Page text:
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Energy Transitions Research at the University of Cambridge

 
Electric roads will help cut UK road freight emissions - Centre for Sustainable Road Freight team has proposed that building an 'electric road system' could be used to decarbonise 65% of UK lorry kilometres travelled by 2040.

The Centre for Sustainable Road Freight – a collaboration between the University of Cambridge, Heriot-Watt and Westminster Universities and a consortium of industry partners – is part of a team that has been awarded government funding to design a large-scale electric road freight system demonstrator.

The feasibility study is part of £20 million funding awarded by the Department for Transport and delivered by Innovate UK, to boost the UK’s transition to zero emission road freight. The project team includes Siemens Mobility, Scania, Costain, The Centre for Sustainable Road Freight, ARUP, Milne Research, SPL Powerlines, CI Planning, BOX ENERGI and Possible.

The consortium will lead a major UK study on the electrification of long-range trucks with dynamic charging, using overhead wires on motorways. The project will investigate the feasibility of building a 20km stretch of overhead contact lines on a UK motorway, to power long-haul HGVs using Siemens ‘eHighway’ technology. The system will be connected to logistics facilities at either end, to demonstrate end-to-end electrification of logistics: from port to depot to city centre.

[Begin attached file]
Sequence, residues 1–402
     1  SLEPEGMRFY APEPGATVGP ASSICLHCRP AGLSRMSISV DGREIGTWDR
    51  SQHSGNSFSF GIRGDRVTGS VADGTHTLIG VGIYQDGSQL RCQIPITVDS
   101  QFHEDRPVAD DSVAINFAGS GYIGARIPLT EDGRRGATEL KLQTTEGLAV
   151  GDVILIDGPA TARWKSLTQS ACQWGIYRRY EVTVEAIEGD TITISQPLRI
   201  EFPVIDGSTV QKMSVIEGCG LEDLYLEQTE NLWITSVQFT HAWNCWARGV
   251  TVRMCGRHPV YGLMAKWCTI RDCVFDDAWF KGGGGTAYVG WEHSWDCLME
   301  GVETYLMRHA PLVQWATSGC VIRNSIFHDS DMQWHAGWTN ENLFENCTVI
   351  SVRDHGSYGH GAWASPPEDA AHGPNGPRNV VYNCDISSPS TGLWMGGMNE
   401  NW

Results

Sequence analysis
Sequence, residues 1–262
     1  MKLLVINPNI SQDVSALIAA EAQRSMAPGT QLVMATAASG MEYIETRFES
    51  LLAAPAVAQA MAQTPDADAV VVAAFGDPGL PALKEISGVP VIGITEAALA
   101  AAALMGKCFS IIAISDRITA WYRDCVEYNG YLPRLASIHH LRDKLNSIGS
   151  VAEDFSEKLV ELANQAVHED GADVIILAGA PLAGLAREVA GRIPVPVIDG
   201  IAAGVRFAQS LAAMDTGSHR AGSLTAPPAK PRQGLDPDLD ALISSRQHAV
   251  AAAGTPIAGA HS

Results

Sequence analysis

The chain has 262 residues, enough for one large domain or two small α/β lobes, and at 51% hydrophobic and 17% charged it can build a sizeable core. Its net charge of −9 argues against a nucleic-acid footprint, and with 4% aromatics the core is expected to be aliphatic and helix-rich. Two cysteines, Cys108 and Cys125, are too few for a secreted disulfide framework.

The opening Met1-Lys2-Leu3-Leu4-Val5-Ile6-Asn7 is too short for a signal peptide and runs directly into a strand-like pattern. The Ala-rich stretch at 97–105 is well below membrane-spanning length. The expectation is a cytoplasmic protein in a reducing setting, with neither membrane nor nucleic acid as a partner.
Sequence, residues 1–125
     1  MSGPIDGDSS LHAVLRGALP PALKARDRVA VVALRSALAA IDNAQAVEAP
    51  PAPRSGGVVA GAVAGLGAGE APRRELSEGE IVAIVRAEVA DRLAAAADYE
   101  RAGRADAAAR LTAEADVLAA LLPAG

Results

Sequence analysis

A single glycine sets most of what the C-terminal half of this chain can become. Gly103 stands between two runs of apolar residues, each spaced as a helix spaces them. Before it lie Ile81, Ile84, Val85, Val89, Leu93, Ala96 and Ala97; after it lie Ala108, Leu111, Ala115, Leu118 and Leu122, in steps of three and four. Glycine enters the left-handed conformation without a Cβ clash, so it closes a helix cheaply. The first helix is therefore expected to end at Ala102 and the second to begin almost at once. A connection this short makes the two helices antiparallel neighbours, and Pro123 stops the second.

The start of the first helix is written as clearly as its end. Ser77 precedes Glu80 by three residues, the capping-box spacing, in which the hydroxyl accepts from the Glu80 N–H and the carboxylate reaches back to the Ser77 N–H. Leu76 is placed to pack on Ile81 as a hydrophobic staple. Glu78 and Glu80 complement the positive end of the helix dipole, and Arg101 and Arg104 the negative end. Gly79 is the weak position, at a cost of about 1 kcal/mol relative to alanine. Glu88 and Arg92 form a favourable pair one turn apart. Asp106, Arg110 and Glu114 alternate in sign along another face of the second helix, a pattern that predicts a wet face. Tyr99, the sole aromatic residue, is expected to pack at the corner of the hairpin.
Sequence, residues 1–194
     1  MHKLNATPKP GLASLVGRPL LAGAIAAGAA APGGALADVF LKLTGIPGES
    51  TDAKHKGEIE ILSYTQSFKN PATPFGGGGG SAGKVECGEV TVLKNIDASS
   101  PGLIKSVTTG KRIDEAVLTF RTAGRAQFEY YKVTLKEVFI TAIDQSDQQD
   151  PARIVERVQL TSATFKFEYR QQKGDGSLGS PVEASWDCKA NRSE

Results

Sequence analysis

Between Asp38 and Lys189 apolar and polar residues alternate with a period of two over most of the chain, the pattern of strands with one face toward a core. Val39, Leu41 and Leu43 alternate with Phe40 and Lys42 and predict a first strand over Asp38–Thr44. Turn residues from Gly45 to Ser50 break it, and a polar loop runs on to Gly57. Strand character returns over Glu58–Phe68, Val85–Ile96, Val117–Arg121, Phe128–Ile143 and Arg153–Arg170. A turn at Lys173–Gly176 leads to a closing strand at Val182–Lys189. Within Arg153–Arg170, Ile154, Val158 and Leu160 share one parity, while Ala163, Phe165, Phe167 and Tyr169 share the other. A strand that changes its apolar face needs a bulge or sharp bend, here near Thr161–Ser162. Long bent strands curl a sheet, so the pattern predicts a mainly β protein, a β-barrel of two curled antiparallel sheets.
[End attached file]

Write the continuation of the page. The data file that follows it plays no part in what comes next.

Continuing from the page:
"The technologies this consortium is working on could be deployed in most countries once demonstrated, supporting the global move towards greener logistics." Professor David Cebon, Director of the Centre for Sustainable Road Freight, Department of Engineering

 

The consortium has proposed this system as the fastest, lowest carbon and most cost-effective route to decarbonising the UK road freight industry and to deliver cleaner air and quieter motorways. The nine-month study, which began last month, could be the forerunner of a scheme that aims to see the UK’s major roads served by overhead lines by the late 2030s. These eHighways allow specially-adapted trucks to attach to the overhead wires and run using the electricity, similar to rail and trolley-bus systems. The trucks come equipped with a battery that charges while they are in motion, so that they can detach in order to not only overtake vehicles, but also to reach their final destination with zero emissions from start to finish.

 

"Our previous research indicates that overhead catenary power will provide the lowest cost, lowest carbon, and most rapidly deployable solution to decarbonise long-haul road freight in the UK. This project will test the concept at the next level of detail. Moreover, the technologies this consortium is working on could be deployed in most countries once demonstrated, supporting the global move towards greener logistics."  Professor David Cebon

 

Alistair Barnes, Innovation Lead for Zero Emission Vehicles at Innovate UK, said: “We’re delighted this consortium is bringing its extensive experience to solve challenges around decarbonising HGVs by planning to demonstrate this technology at scale on UK roads. Innovate UK is proud to be supporting this project as part of its partnership with the Department for Transport.”;

Click here for the original Department of Engineering, Universsity of Cambridge article.

Read the Consotium Press Release.

Click here for the related Guardian article.

Image credit: Siemens